The Kentucky Department of Corrections has dropped a policy that allowed prison wardens to ban incoming mail for inmates if they thought the items would “promote homosexuality.”
Citing free speech and free press rights guaranteed by the First Amendment, the ACLU of Kentucky challenged the policy in March after it discovered that Eastern Kentucky Correctional Complex — a medium-security prison in West Liberty — banned personal letters and magazines including Out and The Advocate because they mentioned homosexuality, even if they did not contain sexually explicit images.
Statewide, prison wardens were allowed to ban materials “which depict homosexuality, sadism, masochism, bestiality and sexual acts or nudity with children.” The ACLU objected to homosexuality being included on that list, and it noted that various state prisons “had their own institution-specific mail policies,” which was legally problematic, William Sharp, legal director of the Kentucky ACLU, said Tuesday.
In a statewide memo sent to prison staff last week, Corrections Commissioner Rodney Ballard issued a revised inmate mail policy that removes the specific reference to homosexuality.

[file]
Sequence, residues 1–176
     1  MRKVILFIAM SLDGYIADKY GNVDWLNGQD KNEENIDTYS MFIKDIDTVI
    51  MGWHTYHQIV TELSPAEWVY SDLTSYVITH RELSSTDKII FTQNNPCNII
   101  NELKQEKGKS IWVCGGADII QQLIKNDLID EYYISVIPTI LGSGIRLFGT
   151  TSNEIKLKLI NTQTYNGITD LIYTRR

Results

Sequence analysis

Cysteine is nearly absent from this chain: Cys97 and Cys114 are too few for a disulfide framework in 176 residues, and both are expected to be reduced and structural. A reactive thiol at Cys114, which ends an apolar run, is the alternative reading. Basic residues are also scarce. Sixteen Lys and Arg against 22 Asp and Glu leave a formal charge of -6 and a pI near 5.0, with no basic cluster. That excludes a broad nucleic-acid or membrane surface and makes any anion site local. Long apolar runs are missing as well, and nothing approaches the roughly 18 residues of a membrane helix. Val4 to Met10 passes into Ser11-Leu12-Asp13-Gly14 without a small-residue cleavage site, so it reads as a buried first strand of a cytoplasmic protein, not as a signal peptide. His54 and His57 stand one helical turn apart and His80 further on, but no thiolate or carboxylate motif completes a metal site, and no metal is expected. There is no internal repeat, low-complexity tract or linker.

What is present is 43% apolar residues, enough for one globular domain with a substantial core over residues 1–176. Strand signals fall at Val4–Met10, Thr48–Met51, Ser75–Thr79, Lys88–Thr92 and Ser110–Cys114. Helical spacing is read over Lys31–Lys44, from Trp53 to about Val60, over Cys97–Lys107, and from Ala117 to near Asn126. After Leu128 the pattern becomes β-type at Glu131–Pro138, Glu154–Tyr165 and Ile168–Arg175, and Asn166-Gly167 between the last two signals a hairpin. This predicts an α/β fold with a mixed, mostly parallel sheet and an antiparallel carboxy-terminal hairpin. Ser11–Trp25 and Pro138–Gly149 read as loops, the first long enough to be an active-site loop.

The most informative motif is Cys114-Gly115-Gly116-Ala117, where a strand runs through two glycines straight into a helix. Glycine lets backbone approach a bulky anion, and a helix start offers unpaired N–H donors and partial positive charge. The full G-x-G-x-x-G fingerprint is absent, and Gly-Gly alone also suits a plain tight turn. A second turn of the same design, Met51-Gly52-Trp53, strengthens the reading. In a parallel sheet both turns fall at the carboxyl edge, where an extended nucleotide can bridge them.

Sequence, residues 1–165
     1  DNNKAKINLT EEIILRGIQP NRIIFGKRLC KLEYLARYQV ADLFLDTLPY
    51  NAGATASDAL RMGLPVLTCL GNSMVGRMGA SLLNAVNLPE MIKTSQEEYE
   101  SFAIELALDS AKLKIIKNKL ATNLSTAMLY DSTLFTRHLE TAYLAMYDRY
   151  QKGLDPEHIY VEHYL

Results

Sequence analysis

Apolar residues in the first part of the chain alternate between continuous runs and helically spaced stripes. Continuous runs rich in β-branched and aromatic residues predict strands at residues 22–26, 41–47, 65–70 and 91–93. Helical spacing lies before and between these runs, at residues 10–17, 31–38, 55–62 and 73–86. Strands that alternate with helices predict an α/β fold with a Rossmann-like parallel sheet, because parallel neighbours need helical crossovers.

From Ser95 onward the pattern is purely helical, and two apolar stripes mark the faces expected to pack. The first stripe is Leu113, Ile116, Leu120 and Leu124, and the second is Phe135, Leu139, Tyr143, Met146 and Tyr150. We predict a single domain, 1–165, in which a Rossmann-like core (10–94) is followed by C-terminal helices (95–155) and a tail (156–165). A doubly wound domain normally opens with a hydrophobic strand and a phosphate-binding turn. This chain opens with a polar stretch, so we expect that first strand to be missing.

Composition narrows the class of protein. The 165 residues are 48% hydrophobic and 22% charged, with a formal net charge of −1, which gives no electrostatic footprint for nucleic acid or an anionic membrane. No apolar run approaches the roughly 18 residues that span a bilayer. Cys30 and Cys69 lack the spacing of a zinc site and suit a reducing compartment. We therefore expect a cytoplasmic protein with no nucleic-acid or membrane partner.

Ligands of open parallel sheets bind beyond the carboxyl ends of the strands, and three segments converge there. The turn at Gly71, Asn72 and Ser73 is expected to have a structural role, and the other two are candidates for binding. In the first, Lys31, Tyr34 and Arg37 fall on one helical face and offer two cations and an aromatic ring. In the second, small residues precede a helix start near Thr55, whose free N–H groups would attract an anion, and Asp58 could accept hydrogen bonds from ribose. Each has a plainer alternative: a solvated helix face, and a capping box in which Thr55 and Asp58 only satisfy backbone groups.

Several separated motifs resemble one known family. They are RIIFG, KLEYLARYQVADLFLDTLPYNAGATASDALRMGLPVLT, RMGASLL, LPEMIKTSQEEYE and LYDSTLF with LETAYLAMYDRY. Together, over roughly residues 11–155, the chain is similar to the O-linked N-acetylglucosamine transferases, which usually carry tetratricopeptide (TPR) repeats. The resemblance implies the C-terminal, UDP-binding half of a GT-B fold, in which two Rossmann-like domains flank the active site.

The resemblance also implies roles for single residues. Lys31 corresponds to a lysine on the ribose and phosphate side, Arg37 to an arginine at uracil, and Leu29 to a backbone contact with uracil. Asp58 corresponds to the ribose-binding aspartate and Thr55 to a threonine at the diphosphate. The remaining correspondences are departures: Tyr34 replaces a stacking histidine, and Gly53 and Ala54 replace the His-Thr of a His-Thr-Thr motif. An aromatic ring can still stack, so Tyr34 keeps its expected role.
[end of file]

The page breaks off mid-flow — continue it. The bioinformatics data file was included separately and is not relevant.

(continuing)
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From this point forward, all “sexually explicit materials,” defined as “pictorial depictions of nudity” or “actual or simulated sexual acts,” are prohibited, Ballard wrote. Previously, the Corrections Department did not ban all nude pictures in incoming mail, but only “pornography or sexually explicit material which poses a threat to the security, good order or discipline of the institution.”
Sharp said he was gratified the Corrections Department changed its approach.
“The outdated mail policies that prompted our investigation barred prisoners from receiving mail that ‘promotes homosexuality.’ But such policies single out pro-LGBT messages for unfavorable treatment,” Sharp said. “That type of viewpoint discrimination by the government is precisely what the First Amendment is designed to prevent.”
This was the right thing to do, Ballard said Tuesday.
“Once I learned of the policy and its antiquated wording, I took steps to have it corrected,” said Ballard said. “Current case law supports the wording in the new policy. This is how we will address any similar issue facing the department: If we find something that’s outdated and in need of revising, we’re going to address it in a deliberate and thoughtful way.”